- Democrats against a congressional stock trade ban are hurting flyover country candidates, they say.
- They argue it's both bad politics and bad policy as Democrats try to hold on to their majorities.
- Some Republicans are attempting to outflank Democrats by touting stock trade restrictions.
Out in Outagamie County, Wisconsin, two flights and lengthy Lyft ride from Capitol Hill, US Senate candidate Tom Nelson follows events in Washington with disbelief as leaders of his own Democratic Party resist banning members of Congress from buying and selling stock.
Nelson, the county's elected executive, is particularly bamboozled by President Joe Biden's unwillingness to back any of the several bipartisan plans to have emerged or re-emerged since Insider's "Conflicted Congress" project in December revealed numerous financial conflicts of interest and widespread violations of the Stop Trading on Congressional Knowledge Act of 2012, a law designed to prevent them.
Biden wants Congress to "determine what the rules should be," White House press secretary Jen Psaki said.
But Nelson said it's "a bad mistake" for Biden to sit it out.
"He's got to get in the ring. He can't lead from behind," said Nelson, who's running in a crowded Democratic primary for a shot at challenging two-term incumbent Sen. Ron Johnson, a Republican. "Democrats need a win — we need a big win. I'm concerned that he's not embracing this issue."
Nelson's outrage is shared by a growing number of Democratic congressional candidates who don't work in Washington, DC, but want to. And they're making a congressional stock ban a thick plank in their campaign platforms.
US Senate candidate Lucas Kunce in Missouri not only wants to ban members of Congress from trading stocks, but he also wants to toss them in jail if they don't comply.
US Senate candidate John Fetterman in Pennsylvania said Wednesday that "there isn't any voter I've ever spoken to that says, 'yes, we should allow members of Congress to either protect their investments or make money based off the information they come in contact to."
They join an improbable and growing coalition of federal lawmakers on the left — Democratic Rep. Alexandria Ocasio-Cortez and Sen. Elizabeth Warren — and the right — House Minority Leader Kevin McCarthy and Sen. John Hawley — who've signaled their support for banning their colleagues from trading stocks.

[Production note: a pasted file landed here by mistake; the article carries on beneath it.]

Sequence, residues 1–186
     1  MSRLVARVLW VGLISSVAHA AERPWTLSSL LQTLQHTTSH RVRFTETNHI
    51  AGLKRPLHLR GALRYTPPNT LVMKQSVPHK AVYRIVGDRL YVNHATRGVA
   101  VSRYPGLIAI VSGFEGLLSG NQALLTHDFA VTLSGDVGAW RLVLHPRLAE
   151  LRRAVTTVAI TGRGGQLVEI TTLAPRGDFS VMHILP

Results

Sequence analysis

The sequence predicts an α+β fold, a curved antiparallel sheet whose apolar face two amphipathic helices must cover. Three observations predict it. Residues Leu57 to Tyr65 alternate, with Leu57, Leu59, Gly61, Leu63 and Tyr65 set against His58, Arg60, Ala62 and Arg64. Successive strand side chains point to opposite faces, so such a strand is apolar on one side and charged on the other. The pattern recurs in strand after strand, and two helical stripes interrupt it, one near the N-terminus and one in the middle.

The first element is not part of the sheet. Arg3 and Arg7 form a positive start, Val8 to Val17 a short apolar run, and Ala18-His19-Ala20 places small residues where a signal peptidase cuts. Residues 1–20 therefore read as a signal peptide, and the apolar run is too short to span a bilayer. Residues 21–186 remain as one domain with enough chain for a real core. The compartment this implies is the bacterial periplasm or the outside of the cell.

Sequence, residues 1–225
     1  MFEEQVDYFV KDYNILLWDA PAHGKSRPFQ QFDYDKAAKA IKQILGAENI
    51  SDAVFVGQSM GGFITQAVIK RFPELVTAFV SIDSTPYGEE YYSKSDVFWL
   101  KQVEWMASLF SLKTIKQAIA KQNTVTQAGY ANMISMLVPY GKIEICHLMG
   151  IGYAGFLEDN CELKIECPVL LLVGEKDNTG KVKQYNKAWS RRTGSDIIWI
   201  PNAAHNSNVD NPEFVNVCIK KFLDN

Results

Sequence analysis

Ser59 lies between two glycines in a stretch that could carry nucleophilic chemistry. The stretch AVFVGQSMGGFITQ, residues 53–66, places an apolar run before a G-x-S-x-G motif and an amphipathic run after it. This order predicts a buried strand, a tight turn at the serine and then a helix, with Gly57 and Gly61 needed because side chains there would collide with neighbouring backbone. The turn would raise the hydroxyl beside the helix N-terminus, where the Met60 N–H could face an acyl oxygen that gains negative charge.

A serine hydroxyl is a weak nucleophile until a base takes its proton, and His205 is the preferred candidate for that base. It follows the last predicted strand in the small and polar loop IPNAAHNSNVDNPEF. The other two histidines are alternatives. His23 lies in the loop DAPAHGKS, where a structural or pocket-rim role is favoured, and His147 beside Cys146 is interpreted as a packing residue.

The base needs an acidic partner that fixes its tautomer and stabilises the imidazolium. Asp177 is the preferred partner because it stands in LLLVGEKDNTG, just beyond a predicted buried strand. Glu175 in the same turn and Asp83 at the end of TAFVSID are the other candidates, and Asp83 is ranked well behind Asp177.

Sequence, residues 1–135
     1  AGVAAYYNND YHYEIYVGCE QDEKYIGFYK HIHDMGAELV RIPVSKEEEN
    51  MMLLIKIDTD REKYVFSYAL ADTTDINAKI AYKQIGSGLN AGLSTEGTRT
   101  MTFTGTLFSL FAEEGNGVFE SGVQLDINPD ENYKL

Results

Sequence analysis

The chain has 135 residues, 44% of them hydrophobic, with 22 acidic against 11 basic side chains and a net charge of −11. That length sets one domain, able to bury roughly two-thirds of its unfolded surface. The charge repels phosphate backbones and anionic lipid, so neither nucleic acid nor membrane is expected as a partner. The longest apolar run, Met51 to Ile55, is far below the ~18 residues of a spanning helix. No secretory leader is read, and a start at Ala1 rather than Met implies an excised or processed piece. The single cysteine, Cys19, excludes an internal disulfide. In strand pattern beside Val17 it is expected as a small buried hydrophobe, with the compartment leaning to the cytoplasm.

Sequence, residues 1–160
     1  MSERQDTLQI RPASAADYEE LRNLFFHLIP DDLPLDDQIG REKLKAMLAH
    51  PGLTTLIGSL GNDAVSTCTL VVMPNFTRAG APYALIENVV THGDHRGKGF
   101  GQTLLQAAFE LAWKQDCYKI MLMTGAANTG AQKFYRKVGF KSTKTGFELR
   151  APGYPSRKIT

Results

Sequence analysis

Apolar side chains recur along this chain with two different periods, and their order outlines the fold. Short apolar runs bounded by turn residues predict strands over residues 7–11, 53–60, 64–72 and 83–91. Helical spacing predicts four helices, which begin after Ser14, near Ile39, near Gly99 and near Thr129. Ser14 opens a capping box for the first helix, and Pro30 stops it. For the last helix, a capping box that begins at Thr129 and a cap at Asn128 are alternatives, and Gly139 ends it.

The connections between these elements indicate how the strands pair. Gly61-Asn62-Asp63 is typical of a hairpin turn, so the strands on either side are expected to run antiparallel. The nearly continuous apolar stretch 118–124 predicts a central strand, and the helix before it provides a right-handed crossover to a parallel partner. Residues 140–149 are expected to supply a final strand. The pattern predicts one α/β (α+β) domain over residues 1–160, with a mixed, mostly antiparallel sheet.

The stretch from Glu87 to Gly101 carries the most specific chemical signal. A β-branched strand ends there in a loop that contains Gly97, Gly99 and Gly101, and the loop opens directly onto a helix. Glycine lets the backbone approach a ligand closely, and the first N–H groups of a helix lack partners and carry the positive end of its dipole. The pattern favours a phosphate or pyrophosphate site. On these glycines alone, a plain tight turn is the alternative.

Sen. Sherrod Brown and Rep. Tim Ryan, both Ohio Democrats, as well as Ocasio-Cortez and Rep. Abigail Spanberger, a Virginia Democrat, have recently featured their support for congressional stock trade bans in their campaign fundraising messaging.
"Members of Congress have access to highly confidential information that the public does not," Ryan's campaign wrote in January. "But this is still legal thanks to politicians who only look out for their own bottom line."
Democratic leaders must understand that they're at significant risk of losing majorities in the US House and US Senate during the 2022 midterms if they don't spearhead "common sense" efforts to bolster the public's trust in government, such as stock trade bans, Nelson said. That includes Speaker Nancy Pelosi, House Majority Leader Steny Hoyer, and Senate Majority Leader Chuck Schumer, he said.
Pelosi's endorsement of lawmakers' right to trade individual stocks, followed recently by a reluctant course change, is particularly vexing because it cuts against what most Democrats want Congress to do, Nelson added, citing recent polls.
"Speaker Pelosi should be leading, Sen. Schumer should be leading. This is not only good policy, it's good politics," Nelson said. "But they're out of touch. And that's dangerous. It's dangerous because we're in a very challenging environment for Democrats, we're in the midterm, and our party is in power. There's very little room for error … This is a blunder."
Republicans embrace a congressional stock ban
Republican US Senate candidate Blake Masters in Arizona, for one, is already attempting to outflank Democrats by embracing a stock ban. He, too, has panned Pelosi — one of the wealthiest members of Congress whose venture capitalist husband, Paul Pelosi, frequently trades stocks and stock options — as a poster politician for congressional corruption.
Even former President Donald Trump, arguably the most financially conflicted president in US history, has chimed in, saying in January that members of Congress trading individual stocks is "not right … not appropriate."
In Pelosi's own California congressional district, Democratic socialist Shahid Buttar is hammering the House speaker on her stock ban reluctance as part of his longshot attempt to upend her in a June 7 primary.
Democratic leaders' resistance to a congressional stock trade ban, Buttar told Insider, reveals their willingness to "prioritize capitalism over democracy.
"That preference, and Pelosi's history of putting her stock portfolio before the public interest, violate the oath of office and demand accountability," he said.
Both Buttar and Nelson said they're at least mildly encouraged that Pelosi, increasingly squeezed by both liberals and conservatives, said she won't block stock ban bills from coursing through the legislative process.
But it'll take all Democratic leaders offering wholehearted support of such a ban — up to and including Biden — to give left-of-center candidates across the country proper political cover during the 2022 midterms.
"We can't have stupid decisions coming out of Washington if we want to win," Nelson said.